Why are you trying to tear down other people's faith?

From Iron Chariots Wiki
Revision as of 19:55, 26 May 2010 by Cafeeine (Talk | contribs)
Jump to: navigation, search

When will you hear it?

This response will usually come late in a discussion, or as an interpolation in an existing discussion between atheists. It's less of a counter-apologetic and more of an attempt to derail the conversation to the motives an atheist may have for arguing against gods and religion. This response is a good sign that your interlocutor thinks your words could be damning to their faith, or the faith of others.

A response

That need not be the goal of the atheist. Sometimes, explaining how we can live full, productive, happy lives without faith is enough to shake the faith of some. We can't really do anything about that, except stay silent, and that's certainly the option some would like us to take. To do so would present an egregious double standard. Christians do not shy away from explaining their faith for fear to damage the faith of a Jain, in fact they are encouraged to.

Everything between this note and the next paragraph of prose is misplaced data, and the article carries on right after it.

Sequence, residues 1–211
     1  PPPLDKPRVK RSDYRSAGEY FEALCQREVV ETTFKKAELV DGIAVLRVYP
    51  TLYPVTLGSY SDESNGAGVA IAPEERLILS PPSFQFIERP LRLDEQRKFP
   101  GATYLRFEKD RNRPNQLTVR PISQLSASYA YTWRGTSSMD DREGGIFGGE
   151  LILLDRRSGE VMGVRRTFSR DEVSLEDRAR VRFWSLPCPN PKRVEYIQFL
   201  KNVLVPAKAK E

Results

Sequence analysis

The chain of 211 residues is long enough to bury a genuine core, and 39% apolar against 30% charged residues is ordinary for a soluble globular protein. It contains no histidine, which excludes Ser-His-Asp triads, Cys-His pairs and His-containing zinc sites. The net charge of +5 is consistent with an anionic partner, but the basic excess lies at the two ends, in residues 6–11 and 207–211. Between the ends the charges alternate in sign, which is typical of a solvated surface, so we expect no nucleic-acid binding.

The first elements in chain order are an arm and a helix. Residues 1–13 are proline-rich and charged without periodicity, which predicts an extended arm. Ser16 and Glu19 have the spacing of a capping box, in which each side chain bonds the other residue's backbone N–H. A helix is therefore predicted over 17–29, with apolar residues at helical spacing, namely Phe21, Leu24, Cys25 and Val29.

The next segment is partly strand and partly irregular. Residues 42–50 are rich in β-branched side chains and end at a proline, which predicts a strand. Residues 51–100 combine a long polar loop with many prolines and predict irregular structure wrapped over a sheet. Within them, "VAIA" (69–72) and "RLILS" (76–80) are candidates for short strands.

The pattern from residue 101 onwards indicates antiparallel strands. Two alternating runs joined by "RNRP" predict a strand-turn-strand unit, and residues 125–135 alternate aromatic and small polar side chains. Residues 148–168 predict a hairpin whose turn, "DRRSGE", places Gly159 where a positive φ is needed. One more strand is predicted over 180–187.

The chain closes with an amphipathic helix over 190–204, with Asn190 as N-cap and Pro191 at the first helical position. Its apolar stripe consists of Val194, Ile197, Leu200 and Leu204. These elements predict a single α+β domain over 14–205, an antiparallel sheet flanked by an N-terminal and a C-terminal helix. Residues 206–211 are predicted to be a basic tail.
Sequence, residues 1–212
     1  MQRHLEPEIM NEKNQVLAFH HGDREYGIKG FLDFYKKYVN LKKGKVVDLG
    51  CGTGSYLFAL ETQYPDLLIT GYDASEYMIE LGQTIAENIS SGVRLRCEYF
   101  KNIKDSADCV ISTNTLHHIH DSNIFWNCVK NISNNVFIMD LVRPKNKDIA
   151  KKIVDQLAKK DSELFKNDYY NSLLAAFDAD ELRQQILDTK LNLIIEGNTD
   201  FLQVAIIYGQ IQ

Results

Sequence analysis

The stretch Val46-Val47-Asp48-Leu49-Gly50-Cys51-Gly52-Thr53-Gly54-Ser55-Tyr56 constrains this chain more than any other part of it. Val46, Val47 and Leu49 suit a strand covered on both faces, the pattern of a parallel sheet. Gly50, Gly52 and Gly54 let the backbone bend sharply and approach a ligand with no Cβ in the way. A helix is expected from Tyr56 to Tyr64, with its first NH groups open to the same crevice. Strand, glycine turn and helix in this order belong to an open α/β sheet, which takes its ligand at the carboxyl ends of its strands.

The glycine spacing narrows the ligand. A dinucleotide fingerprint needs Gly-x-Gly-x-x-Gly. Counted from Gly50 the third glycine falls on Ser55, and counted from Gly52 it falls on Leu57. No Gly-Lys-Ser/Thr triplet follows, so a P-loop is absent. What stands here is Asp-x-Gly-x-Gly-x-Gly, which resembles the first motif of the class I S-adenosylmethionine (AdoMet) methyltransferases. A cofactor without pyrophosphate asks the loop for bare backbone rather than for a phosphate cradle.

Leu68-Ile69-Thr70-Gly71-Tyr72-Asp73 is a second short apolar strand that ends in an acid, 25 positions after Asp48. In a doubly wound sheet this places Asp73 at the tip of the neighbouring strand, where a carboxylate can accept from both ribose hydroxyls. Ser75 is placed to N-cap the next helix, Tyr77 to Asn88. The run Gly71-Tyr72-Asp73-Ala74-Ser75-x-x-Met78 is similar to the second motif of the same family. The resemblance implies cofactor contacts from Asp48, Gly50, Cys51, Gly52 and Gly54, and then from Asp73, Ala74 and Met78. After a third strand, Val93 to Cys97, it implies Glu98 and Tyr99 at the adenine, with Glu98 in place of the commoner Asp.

The salient point here is that most likely an atheist does not consider religious faith a benefit. In fact, it is the cornerstone of dogmatism, which is the source of most of the problems stemming from religion. Whether it is the immediate goal or not, people losing their faith in superstition is seen as a Good Thing.

A possible rebuttal

The theist might interject that people find great comfort in their faith. That may be true, however is not always relevant. A drunk will find comfort in a bottle of whiskey and a drug addict in a syringe full of heroin, yet there are good reasons to help both these people to overcome these addictions. In fact, the original question can be easily paralleled to "Why are you such a buzzkill?" uttered by a drunk from whom you take the bottle away, and for much the same reasons. You could say that if faith can be broken through rational argument and evidence, then it was likely misplaced to begin with.

Personal tools
wiki navigation